Kendra Gayle Lee remembers the first time she read a book with an LGBTQ character who got to live “happily ever after.”

“It was the first book that I read where the lesbian didn’t have to die at the end,” Lee said, referring to Rita Mae Brown’s 1970s lesbian coming-of-age novel “Rubyfruit Jungle.” Lee continued: “It was so empowering for me to see that part of myself represented. As a white girl, I saw that part of myself, but I didn’t see the queer part of myself. When I did, it was like a whole new world.”

Lee owns Bookish, a bookstore in southeast Atlanta. She carefully curates her selection so customers can read stories that accurately reflect who they are, and introduce other customers to new narratives, one page at a time.

Inspired by helping students at her daughter’s school book fair fall in love with reading, she opened Bookish in September 2019.

“Helping [students] discover that they like to read when they’re reading about something they like was really motivating for me. I thought if I can help kids find books that they like to read, maybe adults aren’t reading as much as they could because they’re reading things they don’t really want to read.”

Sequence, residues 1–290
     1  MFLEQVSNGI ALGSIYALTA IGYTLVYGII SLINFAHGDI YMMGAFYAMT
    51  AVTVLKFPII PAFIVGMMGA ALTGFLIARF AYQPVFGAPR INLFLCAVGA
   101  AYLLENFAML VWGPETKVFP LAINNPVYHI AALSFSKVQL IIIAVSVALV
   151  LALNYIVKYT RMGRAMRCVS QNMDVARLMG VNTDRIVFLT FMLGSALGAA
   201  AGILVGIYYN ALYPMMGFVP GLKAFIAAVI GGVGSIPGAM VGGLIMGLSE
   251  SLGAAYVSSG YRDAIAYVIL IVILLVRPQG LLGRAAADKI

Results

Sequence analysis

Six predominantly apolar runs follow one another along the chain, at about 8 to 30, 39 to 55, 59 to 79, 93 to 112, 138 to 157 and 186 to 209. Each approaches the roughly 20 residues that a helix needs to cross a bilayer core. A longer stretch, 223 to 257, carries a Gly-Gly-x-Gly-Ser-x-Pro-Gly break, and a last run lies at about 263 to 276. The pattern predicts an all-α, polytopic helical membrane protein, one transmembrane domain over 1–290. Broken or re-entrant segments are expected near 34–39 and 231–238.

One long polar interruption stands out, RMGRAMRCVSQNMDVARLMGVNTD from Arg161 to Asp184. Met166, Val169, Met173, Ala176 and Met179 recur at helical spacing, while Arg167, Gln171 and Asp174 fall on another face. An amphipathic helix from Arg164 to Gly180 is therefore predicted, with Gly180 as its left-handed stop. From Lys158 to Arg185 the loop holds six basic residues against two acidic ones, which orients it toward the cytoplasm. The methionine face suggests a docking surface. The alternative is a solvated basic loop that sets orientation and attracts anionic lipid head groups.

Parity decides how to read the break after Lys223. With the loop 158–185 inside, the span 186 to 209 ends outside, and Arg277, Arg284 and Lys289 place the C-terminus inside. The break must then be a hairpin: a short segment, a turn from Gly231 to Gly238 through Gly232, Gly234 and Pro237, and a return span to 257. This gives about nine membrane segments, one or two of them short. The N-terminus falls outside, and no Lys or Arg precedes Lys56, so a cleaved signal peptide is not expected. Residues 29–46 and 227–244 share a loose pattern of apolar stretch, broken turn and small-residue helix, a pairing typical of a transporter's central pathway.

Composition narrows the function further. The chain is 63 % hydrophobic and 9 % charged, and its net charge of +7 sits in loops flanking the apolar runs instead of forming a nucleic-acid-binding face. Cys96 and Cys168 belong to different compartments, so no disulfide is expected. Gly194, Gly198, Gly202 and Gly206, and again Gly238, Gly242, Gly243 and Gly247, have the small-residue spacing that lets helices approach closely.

As the sole employee of Bookish, she helps her customers find the books they want to read, whether those are stories that show Black joy instead of Black trauma or that are educational.

“When you see a character in a book that is like you in some way, and they are being real about whatever is going on, you can begin to feel safer and more known. We all want to be known and we want to be safe. I think books help us do that more than adults are willing to admit sometimes.”

Lee created a Bookish reading challenge that guides readers to read books by a diverse selection of authors and topics. You can view the challenge and book list here.

For readers curious about the challenge, Lee suggested starting with “Homegoing” or “Transcendent Kingdom” by Yaa Gyasi, Gyasi was born in Ghana and grew up in Huntsville, Alabama.

“Transcendent Kingdom explores faith, science, addiction and growing up in the South. I found it brilliant and it made me deeply introspective,” she said.

For a read you can’t put down, she suggests “Vanishing Half” by Brit Bennett and “Such a Fun Age” by Kiley Reed.